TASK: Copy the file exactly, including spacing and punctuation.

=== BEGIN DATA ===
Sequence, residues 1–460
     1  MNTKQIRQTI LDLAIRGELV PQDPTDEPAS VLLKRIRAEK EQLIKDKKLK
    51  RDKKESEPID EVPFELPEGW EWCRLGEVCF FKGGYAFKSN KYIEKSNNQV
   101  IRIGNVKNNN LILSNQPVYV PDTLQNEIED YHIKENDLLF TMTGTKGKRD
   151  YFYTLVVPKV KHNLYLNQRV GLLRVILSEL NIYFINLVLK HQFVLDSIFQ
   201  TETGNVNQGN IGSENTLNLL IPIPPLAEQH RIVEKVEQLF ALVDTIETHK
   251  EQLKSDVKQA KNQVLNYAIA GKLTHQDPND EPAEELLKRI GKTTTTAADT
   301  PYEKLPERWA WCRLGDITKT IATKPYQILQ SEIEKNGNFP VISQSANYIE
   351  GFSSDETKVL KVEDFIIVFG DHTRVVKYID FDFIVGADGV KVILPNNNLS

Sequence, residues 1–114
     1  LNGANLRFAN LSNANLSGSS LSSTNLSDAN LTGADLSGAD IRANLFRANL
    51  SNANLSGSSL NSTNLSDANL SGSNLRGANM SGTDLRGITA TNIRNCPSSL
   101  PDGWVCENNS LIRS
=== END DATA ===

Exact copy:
Sequence, residues 1–460
     1  MNTKQIRQTI LDLAIRGELV PQDPTDEPAS VLLKRIRAEK EQLIKDKKLK
    51  RDKKESEPID EVPFELPEGW EWCRLGEVCF FKGGYAFKSN KYIEKSNNQV
   101  IRIGNVKNNN LILSNQPVYV PDTLQNEIED YHIKENDLLF TMTGTKGKRD
   151  YFYTLVVPKV KHNLYLNQRV GLLRVILSEL NIYFINLVLK HQFVLDSIFQ
   201  TETGNVNQGN IGSENTLNLL IPIPPLAEQH RIVEKVEQLF ALVDTIETHK
   251  EQLKSDVKQA KNQVLNYAIA GKLTHQDPND EPAEELLKRI GKTTTTAADT
   301  PYEKLPERWA WCRLGDITKT IATKPYQILQ SEIEKNGNFP VISQSANYIE
   351  GFSSDETKVL KVEDFIIVFG DHTRVVKYID FDFIVGADGV KVILPNNNLS

Sequence, residues 1–114
     1  LNGANLRFAN LSNANLSGSS LSSTNLSDAN LTGADLSGAD IRANLFRANL
    51  SNANLSGSSL NSTNLSDANL SGSNLRGANM SGTDLRGITA TNIRNCPSSL
   101  PDGWVCENNS LIRS